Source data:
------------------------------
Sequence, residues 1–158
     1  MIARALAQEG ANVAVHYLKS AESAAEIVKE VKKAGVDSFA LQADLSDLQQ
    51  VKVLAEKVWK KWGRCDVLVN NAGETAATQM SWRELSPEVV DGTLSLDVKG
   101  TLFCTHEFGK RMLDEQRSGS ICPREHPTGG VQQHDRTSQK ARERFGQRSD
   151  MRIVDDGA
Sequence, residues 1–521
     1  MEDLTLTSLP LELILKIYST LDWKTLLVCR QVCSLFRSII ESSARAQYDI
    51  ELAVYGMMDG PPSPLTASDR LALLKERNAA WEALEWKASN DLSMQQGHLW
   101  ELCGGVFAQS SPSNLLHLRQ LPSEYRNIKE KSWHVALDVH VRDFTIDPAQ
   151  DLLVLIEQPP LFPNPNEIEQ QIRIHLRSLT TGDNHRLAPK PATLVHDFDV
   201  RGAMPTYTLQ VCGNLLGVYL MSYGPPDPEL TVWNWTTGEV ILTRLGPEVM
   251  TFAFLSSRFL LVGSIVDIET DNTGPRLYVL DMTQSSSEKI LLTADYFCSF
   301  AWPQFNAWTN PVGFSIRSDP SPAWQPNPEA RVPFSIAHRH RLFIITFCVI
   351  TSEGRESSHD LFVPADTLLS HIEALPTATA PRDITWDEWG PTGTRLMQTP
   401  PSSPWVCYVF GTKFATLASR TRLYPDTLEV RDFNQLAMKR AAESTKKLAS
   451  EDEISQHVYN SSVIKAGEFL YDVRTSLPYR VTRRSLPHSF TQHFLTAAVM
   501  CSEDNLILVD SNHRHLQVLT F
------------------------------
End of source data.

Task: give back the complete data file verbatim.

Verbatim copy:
Sequence, residues 1–158
     1  MIARALAQEG ANVAVHYLKS AESAAEIVKE VKKAGVDSFA LQADLSDLQQ
    51  VKVLAEKVWK KWGRCDVLVN NAGETAATQM SWRELSPEVV DGTLSLDVKG
   101  TLFCTHEFGK RMLDEQRSGS ICPREHPTGG VQQHDRTSQK ARERFGQRSD
   151  MRIVDDGA
Sequence, residues 1–521
     1  MEDLTLTSLP LELILKIYST LDWKTLLVCR QVCSLFRSII ESSARAQYDI
    51  ELAVYGMMDG PPSPLTASDR LALLKERNAA WEALEWKASN DLSMQQGHLW
   101  ELCGGVFAQS SPSNLLHLRQ LPSEYRNIKE KSWHVALDVH VRDFTIDPAQ
   151  DLLVLIEQPP LFPNPNEIEQ QIRIHLRSLT TGDNHRLAPK PATLVHDFDV
   201  RGAMPTYTLQ VCGNLLGVYL MSYGPPDPEL TVWNWTTGEV ILTRLGPEVM
   251  TFAFLSSRFL LVGSIVDIET DNTGPRLYVL DMTQSSSEKI LLTADYFCSF
   301  AWPQFNAWTN PVGFSIRSDP SPAWQPNPEA RVPFSIAHRH RLFIITFCVI
   351  TSEGRESSHD LFVPADTLLS HIEALPTATA PRDITWDEWG PTGTRLMQTP
   401  PSSPWVCYVF GTKFATLASR TRLYPDTLEV RDFNQLAMKR AAESTKKLAS
   451  EDEISQHVYN SSVIKAGEFL YDVRTSLPYR VTRRSLPHSF TQHFLTAAVM
   501  CSEDNLILVD SNHRHLQVLT F